In a series on gamesandlearning.org, Sande Chen is digging into the state of educational games. (We discussed Part I of her series here.) In Part II, she analyzed funding sources for educational game developers.
Overall, the news about funding is mixed. There are more sources now than there were in the golden age of educational games (the 1990s), but there’s more competition and red tape, too.
Funding sources include foundation grants, government grants, contracts with textbook companies, corporate sponsorship, and venture capital. And lots of educational game developers use the old-fashioned bootstrap method to get their games out there—that means they fund much of the development themselves.
One notable funder is the U.S. government’s Small Business Innovation Research (SBIR) program, which provides more than $2 billion a year for research and development. The big advantage of SBIR grants is that they have no restrictions on commercialization. That means the developer gets to keep all the profits. In 2015, 27% of ed game survey respondents said they had applied for a government grant. That’s compared to 16% in 2005. The downside is that applying for these grants can be both competitive and complex.
Corporate sponsorship can also be a way to go for game devs, but it can be tricky to navigate ethical concerns about marketing to kids—and to stay on the right side of the COPPA privacy laws. Chen’s advice? “When approaching corporate sponsors, think about what would be compatible with the game. If it’s a game about recycling, would a waste management company be suitable? Think about the game’s target demographic and why it would be advantageous for the corporate sponsor to reach this age group. If done tastefully, corporate sponsorship may turn into a mutually beneficial partnership.”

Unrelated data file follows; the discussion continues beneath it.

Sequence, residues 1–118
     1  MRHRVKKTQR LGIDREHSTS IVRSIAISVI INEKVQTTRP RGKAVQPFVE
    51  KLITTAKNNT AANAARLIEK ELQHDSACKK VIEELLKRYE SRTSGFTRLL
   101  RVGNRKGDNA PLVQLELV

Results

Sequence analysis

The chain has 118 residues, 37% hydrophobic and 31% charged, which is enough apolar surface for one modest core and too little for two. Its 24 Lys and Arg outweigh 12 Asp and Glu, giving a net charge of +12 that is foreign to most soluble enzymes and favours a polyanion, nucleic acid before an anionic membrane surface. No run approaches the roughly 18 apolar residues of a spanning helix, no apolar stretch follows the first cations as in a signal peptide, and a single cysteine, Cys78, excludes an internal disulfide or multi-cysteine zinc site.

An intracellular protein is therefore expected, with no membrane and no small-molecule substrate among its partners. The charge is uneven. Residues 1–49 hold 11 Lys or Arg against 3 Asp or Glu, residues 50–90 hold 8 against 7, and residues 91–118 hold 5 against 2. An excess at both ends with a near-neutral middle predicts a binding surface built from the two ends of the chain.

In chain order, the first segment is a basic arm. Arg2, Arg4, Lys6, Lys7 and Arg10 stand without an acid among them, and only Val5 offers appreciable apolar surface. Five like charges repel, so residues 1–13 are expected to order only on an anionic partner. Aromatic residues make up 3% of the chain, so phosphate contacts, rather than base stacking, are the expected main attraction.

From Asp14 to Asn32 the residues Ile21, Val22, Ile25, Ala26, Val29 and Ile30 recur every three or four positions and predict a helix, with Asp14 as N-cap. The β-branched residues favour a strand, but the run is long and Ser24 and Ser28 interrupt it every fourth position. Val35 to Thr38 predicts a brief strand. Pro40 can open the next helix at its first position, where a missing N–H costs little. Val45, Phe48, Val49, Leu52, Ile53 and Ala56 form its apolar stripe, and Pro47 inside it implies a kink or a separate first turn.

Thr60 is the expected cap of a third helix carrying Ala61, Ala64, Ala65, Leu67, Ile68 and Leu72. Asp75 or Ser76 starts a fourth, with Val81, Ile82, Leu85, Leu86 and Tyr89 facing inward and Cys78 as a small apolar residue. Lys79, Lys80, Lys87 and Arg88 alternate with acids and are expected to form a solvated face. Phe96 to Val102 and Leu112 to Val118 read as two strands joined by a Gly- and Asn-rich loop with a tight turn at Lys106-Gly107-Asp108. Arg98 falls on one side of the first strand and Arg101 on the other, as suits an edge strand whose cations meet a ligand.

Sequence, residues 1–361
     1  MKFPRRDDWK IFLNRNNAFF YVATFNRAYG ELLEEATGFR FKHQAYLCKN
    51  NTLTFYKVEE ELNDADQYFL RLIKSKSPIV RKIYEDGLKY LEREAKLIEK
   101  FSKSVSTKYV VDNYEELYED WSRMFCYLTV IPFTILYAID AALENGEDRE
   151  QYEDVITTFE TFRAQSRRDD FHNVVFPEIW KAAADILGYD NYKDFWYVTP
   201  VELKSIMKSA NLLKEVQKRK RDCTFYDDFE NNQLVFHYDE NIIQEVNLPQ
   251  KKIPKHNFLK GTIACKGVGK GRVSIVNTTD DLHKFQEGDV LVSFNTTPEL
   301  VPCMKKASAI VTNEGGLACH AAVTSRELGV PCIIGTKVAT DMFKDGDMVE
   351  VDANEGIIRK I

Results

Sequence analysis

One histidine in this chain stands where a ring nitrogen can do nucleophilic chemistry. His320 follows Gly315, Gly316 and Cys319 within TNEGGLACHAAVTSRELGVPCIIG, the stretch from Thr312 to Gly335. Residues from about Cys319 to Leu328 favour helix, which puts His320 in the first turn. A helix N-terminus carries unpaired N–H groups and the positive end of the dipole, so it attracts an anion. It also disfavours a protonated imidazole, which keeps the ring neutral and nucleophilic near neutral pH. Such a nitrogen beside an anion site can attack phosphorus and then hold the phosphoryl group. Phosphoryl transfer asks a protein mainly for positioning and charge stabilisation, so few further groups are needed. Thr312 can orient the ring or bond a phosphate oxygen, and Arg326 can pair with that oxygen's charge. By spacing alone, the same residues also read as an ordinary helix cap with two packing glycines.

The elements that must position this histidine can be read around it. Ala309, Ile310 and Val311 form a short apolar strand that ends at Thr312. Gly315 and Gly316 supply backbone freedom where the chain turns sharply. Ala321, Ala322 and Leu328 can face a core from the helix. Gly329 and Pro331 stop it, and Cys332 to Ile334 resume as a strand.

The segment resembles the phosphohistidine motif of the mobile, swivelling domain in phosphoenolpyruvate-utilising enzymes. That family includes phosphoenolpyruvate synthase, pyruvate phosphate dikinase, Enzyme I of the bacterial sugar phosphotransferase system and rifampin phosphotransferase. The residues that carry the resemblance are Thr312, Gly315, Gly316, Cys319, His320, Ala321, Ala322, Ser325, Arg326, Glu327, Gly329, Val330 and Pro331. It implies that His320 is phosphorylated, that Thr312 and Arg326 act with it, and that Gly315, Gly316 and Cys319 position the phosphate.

Another source of funds for devs is, of course, crowdfunding. Kickstarter and other crowdfunding sites offer developers a chance to get their games off the ground, but it’s not easy. Campaigns take a lot of time and effort and oftentimes fail.
For developers of mobile games for young kids, venture capital may be an option. Games that teach kids to code are a hot commodity, too, and they’re expected to remain so. (For examples of good educational apps for kids, check out Nicole Tanner’s Ana’s Apps series.)
The takeaway? While Chen’s survey of educational game developers found that there are a lot of sources out there, it also found that developers struggle to build sustainable businesses. Even if a game is ready to go, marketing and distribution takes a lot of additional capital. Chen observes: “In 2009, after evaluating the business of serious games, Merrilea Mayo, then of the Ewing Marion Kauffman Foundation, discovered that games supported by grants or made in universities don’t tend to get proper marketing. One reason could be that academics are rewarded more for peer-reviewed journals than the commercial success of a game. Furthermore, it takes money to market a game, generally 40-50% of the budget.”
That’s not so much of a problem for the entertainment game developers who are beginning to develop educational support or special educational versions of their games. MinecraftEdu.com is a leading example of this trend. We look forward to Part III of Chen’s report, when she’ll address that aspect of educational game development.